Your guide to the California drought from the Los Angeles Times.
NEWS AND POLICY
Power structure: If a Los Angeles city councilman gets his way, the governance structure of the Department of Water and Power could be in for a major change. Councilman Felipe Fuentes wants to replace the commission that oversees the utility with a group of paid professionals. The proposal would also take away the mayor and City Council's ability to select and approve the DWP's general manager. The changes could lead to "a focused, professional management system in place," Fuentes said.
Taxable income: Southern California property owners who received rebates to help offset the cost of replacing their grass lawns can expect to receive a 1099 tax form in the mail. It's unclear if the rebates are taxable income so officials with the Metropolitan Water District are sending out the forms and leaving it up to customers and accountants to figure out the tax code. "As of this point, it's kind of an unfortunate gray area in terms of tax code," said one MWD manager.
Happy dance: The recent rains, particularly in Northern California, have been good for the state. "It remains to be seen if we're going to be end-of-the-drought happy or better-than-last-year happy," said Doug Carlson, a spokesman with the California Department of Water Resources.
ON THE GROUND
Emergency declared: The city of Pacifica has declared a state of emergency. There are fears that storms from El Niño could damage the coastal bluffs. Already two homes have been evacuated because of erosion in the area. "El Niño is hitting the city's coastline very hard and creating almost daily reports of impacts to both public and private property," according to the city manager.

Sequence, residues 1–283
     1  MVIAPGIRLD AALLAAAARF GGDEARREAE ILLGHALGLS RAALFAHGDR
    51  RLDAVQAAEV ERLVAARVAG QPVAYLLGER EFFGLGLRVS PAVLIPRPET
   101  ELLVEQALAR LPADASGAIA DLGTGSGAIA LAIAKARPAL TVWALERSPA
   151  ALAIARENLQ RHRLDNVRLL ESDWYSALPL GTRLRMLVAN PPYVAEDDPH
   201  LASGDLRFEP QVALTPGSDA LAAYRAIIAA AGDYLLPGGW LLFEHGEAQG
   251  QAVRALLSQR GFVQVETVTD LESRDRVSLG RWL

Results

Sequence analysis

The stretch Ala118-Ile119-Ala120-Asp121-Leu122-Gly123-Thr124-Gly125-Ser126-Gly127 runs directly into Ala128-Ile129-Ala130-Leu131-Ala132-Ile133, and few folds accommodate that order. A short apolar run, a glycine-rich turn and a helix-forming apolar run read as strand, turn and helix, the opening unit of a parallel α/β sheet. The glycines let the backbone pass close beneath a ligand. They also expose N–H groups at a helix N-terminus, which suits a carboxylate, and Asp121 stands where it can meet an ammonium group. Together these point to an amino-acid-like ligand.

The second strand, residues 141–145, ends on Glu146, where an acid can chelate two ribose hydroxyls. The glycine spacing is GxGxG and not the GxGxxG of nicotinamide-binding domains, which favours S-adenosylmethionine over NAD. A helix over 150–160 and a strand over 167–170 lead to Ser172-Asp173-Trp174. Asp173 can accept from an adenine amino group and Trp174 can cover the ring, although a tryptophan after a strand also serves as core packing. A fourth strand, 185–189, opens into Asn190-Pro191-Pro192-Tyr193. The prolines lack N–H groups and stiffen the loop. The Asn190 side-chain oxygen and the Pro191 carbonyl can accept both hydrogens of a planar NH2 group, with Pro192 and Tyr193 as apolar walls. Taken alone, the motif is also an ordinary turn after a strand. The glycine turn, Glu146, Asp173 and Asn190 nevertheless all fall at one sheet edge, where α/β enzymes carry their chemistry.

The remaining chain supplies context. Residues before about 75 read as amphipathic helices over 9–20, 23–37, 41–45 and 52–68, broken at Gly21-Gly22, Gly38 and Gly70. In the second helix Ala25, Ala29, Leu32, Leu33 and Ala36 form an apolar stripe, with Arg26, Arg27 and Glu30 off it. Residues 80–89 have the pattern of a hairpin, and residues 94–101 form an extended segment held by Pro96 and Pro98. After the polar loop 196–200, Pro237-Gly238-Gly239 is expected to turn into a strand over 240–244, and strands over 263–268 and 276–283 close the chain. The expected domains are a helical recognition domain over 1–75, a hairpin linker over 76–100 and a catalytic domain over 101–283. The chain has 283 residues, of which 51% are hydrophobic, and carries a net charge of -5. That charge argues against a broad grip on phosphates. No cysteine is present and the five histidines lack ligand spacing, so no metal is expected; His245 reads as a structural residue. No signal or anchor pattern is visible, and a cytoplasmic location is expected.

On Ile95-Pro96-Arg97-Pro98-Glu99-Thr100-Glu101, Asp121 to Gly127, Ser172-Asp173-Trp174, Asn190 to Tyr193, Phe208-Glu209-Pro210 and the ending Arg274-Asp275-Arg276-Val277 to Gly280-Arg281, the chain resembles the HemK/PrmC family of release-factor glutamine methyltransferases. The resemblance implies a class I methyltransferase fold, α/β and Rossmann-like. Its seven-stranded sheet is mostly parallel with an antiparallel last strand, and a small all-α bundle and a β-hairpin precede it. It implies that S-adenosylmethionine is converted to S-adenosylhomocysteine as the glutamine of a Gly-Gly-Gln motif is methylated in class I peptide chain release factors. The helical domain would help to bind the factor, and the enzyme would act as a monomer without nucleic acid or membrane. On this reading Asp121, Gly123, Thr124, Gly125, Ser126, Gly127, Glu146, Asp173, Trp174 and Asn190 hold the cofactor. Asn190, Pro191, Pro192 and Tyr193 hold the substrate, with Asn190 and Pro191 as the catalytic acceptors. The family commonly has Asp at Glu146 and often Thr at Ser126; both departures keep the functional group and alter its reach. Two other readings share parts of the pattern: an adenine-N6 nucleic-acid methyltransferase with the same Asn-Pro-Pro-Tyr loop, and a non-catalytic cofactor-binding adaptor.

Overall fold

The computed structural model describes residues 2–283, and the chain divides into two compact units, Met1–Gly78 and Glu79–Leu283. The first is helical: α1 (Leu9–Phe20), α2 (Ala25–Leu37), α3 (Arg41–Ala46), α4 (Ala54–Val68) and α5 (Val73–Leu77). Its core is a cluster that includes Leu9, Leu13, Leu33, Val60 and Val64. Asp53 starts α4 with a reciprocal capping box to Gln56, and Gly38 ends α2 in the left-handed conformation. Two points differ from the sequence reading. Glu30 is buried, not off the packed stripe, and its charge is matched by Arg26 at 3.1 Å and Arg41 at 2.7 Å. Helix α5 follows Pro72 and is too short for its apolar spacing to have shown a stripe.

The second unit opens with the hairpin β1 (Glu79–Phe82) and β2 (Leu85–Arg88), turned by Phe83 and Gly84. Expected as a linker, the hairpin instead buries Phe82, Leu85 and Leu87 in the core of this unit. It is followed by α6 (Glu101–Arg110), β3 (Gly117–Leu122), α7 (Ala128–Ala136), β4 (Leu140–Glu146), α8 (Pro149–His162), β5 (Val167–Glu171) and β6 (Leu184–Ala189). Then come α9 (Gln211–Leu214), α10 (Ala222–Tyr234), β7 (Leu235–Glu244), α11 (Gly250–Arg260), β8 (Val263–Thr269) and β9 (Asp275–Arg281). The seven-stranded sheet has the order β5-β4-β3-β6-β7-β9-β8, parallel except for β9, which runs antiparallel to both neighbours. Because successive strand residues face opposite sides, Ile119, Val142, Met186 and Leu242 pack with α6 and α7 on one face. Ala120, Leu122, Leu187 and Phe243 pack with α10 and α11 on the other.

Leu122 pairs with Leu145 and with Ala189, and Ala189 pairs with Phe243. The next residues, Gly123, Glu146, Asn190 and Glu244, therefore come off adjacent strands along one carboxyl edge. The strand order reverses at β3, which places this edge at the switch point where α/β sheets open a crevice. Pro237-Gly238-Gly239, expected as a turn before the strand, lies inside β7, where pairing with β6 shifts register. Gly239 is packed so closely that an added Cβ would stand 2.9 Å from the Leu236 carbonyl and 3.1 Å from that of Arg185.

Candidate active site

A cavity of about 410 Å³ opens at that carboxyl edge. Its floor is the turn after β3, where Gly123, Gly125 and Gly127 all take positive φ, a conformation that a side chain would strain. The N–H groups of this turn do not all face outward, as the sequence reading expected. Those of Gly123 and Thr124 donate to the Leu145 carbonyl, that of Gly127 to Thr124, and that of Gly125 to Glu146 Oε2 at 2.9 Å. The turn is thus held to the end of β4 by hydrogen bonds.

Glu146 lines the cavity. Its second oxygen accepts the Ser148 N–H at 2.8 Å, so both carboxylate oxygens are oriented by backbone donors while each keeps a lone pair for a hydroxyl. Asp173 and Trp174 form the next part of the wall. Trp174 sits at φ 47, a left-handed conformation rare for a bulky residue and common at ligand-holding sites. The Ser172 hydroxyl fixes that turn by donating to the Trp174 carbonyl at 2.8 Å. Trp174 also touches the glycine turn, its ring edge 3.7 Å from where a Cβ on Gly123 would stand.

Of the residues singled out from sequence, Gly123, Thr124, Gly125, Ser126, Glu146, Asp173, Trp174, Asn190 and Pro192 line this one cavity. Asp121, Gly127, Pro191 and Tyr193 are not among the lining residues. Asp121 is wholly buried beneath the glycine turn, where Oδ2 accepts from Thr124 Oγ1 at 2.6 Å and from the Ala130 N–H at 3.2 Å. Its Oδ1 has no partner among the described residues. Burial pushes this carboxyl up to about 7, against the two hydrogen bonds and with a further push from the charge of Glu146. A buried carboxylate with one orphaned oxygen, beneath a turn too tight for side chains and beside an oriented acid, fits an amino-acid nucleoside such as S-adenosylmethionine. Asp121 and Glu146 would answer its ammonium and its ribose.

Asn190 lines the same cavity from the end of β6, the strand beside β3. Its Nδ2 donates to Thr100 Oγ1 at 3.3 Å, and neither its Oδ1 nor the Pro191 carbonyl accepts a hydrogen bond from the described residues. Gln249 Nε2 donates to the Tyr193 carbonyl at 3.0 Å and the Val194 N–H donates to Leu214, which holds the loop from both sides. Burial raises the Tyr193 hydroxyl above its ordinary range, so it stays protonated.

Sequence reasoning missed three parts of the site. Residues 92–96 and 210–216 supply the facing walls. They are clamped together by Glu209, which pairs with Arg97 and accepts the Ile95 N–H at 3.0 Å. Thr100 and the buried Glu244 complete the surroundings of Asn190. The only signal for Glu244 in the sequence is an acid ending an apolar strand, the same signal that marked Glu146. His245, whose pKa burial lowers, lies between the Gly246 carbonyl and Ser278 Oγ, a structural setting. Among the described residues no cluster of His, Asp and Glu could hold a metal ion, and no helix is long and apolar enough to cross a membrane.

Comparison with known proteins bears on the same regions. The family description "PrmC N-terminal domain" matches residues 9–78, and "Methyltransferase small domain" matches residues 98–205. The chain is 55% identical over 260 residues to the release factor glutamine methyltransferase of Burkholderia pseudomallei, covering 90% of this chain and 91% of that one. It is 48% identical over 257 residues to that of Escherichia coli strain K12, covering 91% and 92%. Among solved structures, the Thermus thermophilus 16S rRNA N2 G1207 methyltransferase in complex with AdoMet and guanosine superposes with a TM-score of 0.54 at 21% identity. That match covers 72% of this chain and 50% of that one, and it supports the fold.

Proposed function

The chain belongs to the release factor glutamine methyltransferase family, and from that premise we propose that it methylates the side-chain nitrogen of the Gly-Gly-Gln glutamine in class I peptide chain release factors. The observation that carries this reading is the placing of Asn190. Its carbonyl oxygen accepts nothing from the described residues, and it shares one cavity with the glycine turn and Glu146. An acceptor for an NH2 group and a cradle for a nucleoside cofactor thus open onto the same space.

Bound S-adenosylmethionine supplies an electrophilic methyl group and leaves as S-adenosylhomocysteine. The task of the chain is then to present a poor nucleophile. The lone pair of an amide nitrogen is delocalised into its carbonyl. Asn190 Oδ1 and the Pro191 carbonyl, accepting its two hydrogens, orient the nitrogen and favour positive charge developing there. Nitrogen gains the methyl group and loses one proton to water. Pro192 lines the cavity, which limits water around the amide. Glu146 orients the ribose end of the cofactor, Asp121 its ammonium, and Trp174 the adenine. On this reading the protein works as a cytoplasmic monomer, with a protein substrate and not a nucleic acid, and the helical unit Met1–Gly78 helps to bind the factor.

New kind of fertilizer: San Diego high school students are researching whether excrement from fish could fertilize vegetable gardens as a way to save water. The aquaponics system can save 90% of the water the garden would typically require. "I 100% think that it could save California," said ECOLIFE Conservation spokeswoman Kaitlyn Cole.
Fewer germs: California is experiencing fewer cases of the flu, and doctors think the weather may have something to do with that. The flu spreads most easily in cold, dry conditions, but this winter has been warmer than usual and wet thanks to El Niño. "We're really seeing very little uptick so far, so mostly more common colds and those sorts of things. Definitely slower than in prior years," said Helen Macfie, who monitors emergency room visits at Southern California's six MemorialCare hospitals.
"That's a tough task to do in one winter, filling up the reservoirs. More realistically, we're looking at — hey, if we can get somewhere in this above-average snowpack, and above-average rain, that goes a long way in digging ourselves out of the four-year effect of the drought."
– State snow survey chief David Rizzardo on refilling California's reservoirs
"It's a series of issues, none of which is truly catastrophic, but when you take them together, they are clearly outpacing what the city can do to respond, which is why I declared a state of emergency. We still have a month or so of weather, and we can't predict what can happen looking ahead."
– Pacifica City Manager Lorie Tinfow, whose city's coast has been ravaged by El Niño waves
The El Niño rains may be frightening to Fluffy or Fido. Here are some ways to keep your pet calm and safe during the storms:
— Speak to your pet in a soothing voice.
— Create a safe space, like a crate or closet, and include food, water and blankets or toys.
— Consider purchasing an anti-anxiety vest.
— If you leave the home, give your pet a piece of clothing or a blanket that smells like a member of the family.